It's a Guy Thing



In the last few years it has become quite obvious that high-quality video is not just restricted to industry professionals, with the rise of camera phones and affordable yet high-quality video cameras becoming more accessible to the public, nothing stops you from creating your very own Citizen Kane. Here are some of the best 4K video cameras on the market right now.

Sony Alpha A7S II

Although one of the older models on the list, the Sony Alpha A7S II is still seen by many as one of the best video-shooting stills cameras on the market. With its superb dynamic range and fantastic handling of low light situations, the A7SII is perfect for anyone wanting to shoot on a budget. It is also one of the smaller cameras on the list and is a joy to control, which is perfect for run-and-gun type filmmaking. And with the A7S III on the horizon expect the price to come down considerably as well. Sadly the A7S II only records in 8-bit rather than the broadcast standard of 10 or 12-bit, but it’s a minor gripe in an otherwise great little camera.

Blackmagic Pocket Cinema Camera 4K

One of the best 4K cameras on the market, Blackmagic has really been delivering on their initial promise from years ago. The Pocket Cinema comes with a fantastically sharp and huge touchscreen built-in, eliminating the need for an external viewer. The range of connections on-board is also class-leading, and the fact there’s a dual card slot trumps much pricier cameras like the EOS R. That’s not forgetting decent onboard audio recording capabilities and the cherry on top is the inclusion of a license to DaVinci Resolve Studio, many editors go-to editing software these days. Although not as user friendly to the newcomer, the Pocket Cinema has all the qualities to film your next epic movie. The only big downside is the rather poor battery and the lack of a dedicated stills sensor.

Panasonic Lumix GH5

Arguably the most versatile camera on the list, the GH5 is perfect for those wanting to shoot both stills and video, and the video specification is still very impressive, allowing you to shoot Cinema 4K (4096 x 2160) at 60p with a bit rate of 150Mbps, while Full HD video can be captured up to 180fps. The GH5 also offers color subsampling at 4:2:2 and a color depth of 10-bit, delivering greater color information and richer graduations. The ISO range is rather limited compared to others on the market and it is considerably bulkier in size compared to the compact A7S II but that will come down purely to personal preference.

Panasonic S1

Panasonic has always been a big-time player when it comes to professional film and video equipment, and they have brought that expertise to a consumer level as well with the release of the new S series. The S1 film 4K UHD footage using the whole width of its full-frame sensor and offers full pixel readout at up to 30p. It can also record 10-bit 4:2:0 footage internally using the HEVC/H.265 codec. Videos can be shot in 4K at up to 60p) and there are several gamma curve profiles on-board, including Hybrid Log Gamma. This all equates to a guaranteed beautiful picture. The biggest drawback is the sub-standard Auto Focus that might be a big issue for first-time filmmakers.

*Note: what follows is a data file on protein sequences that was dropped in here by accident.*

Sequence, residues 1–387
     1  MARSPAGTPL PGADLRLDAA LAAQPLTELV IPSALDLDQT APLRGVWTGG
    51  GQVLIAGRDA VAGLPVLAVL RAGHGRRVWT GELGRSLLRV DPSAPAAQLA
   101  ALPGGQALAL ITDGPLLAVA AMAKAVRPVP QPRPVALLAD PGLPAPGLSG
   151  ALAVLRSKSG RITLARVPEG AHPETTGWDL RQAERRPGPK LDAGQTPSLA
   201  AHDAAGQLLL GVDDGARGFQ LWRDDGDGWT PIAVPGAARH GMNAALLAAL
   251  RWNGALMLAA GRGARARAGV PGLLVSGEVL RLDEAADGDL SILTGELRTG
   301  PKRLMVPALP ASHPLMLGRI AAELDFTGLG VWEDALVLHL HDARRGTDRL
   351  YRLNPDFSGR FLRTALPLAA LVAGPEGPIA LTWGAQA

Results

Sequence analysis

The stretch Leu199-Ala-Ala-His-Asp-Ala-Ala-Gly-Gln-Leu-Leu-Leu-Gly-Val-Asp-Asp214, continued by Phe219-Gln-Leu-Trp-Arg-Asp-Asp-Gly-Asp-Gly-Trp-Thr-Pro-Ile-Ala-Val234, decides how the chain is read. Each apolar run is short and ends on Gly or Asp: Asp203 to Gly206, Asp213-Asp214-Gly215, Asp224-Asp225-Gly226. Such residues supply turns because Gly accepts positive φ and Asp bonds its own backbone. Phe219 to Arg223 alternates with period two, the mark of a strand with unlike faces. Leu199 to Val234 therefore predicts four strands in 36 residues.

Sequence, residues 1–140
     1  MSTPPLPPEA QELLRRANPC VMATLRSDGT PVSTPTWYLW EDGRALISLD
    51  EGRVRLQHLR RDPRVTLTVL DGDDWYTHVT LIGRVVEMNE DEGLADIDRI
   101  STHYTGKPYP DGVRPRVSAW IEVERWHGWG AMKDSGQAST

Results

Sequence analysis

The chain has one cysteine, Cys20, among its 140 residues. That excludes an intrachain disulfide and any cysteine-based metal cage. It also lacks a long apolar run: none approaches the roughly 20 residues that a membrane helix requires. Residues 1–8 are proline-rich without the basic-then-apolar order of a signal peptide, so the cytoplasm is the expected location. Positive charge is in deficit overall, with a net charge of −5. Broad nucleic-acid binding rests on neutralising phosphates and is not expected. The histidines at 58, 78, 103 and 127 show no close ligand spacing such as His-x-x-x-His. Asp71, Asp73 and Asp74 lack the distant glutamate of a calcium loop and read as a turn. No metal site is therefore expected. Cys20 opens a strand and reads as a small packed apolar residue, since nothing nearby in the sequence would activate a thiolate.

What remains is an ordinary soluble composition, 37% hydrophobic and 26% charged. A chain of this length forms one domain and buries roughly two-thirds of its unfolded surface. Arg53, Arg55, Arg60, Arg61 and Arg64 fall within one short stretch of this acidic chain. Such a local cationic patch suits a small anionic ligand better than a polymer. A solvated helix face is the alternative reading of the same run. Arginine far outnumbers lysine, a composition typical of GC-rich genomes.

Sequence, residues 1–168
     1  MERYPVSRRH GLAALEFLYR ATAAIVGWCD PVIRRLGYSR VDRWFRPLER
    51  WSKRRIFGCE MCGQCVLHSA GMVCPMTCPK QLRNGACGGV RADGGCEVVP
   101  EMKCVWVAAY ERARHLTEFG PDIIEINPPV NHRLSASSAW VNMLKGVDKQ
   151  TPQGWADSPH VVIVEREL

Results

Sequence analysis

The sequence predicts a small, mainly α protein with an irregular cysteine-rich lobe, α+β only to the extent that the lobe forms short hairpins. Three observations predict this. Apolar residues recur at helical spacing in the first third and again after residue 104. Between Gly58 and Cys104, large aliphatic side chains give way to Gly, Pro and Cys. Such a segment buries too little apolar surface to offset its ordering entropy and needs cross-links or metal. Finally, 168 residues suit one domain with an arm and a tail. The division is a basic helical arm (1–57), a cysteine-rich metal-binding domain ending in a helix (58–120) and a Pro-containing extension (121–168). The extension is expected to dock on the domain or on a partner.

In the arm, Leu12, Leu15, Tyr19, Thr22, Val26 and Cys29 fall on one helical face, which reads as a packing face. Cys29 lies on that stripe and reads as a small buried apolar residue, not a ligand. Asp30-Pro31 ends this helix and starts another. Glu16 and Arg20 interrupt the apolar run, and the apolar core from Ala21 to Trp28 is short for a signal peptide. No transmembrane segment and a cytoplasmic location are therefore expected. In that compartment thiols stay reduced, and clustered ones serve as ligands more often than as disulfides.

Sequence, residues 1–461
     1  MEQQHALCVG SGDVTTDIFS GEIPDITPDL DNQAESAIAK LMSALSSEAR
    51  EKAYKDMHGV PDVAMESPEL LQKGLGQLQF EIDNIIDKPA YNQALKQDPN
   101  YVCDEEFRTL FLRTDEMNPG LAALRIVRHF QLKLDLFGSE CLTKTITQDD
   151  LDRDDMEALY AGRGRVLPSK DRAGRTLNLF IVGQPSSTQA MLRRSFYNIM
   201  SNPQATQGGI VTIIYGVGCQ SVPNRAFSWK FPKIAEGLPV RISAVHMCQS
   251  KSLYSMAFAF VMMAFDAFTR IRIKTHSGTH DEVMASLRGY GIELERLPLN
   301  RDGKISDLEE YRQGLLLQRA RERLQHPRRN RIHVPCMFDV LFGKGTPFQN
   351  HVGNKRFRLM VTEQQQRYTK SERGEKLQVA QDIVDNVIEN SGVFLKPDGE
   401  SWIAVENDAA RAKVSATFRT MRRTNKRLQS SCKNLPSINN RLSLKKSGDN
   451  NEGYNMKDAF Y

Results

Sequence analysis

Nikon Z6

The Z6 is Nikon’s first foray into the competitive full-frame mirrorless camera market and it is an impressive first showing. The Z6 shoots oversampled 4K footage without a crop and the presence of both sensor-based and electronic VR means that the camera does a great job to keep things stable. The 10bit N-Log shooting option gives you a great option for grading when in post-production. Sadly there is no 4K 60p option currently and also only a single XQD card slot which may be an issue for videographers that like to film for longer periods without having to dump footage.

Fujifilm X-T4

Fujifilm has finally caught up to the rest of the pack when it comes to 4K video performance in its stellar new X-T4 model. The new Fujifilm release features in body image stabilization that allows for beautiful stable shots when handheld. It also features a 26.1MP back-illuminated APS-C sensor that makes the X-T4 a fantastic option for consumers looking for a quality video and stills camera. It also features Cinema 4K movies up to 60fps, 10-bit internal recording, and up to 400Mbps bit-rate and with F-Log and HLG profiles included as standard. The Fujifilm X-T4 is a fantastic performer on both the video and stills front and a great all-round choice for any buddy videographer out there.

Olympus OM-D E-M1 Mark III

Another great all-rounder on the list and a great option for newcomers. The Mark III shoots Cine 4K video at 24fps (237Mbps) and Full HD at up to 120fps, with an OM-Log 400 color profile that at times delivers amazing visual quality. Powerful image stabilization keeps footage smooth and sharp, while capable continuous autofocus with face and eye-detection proves impressive. The build is impressive and feels solid yet the handling of low light situations is a bit of a letdown.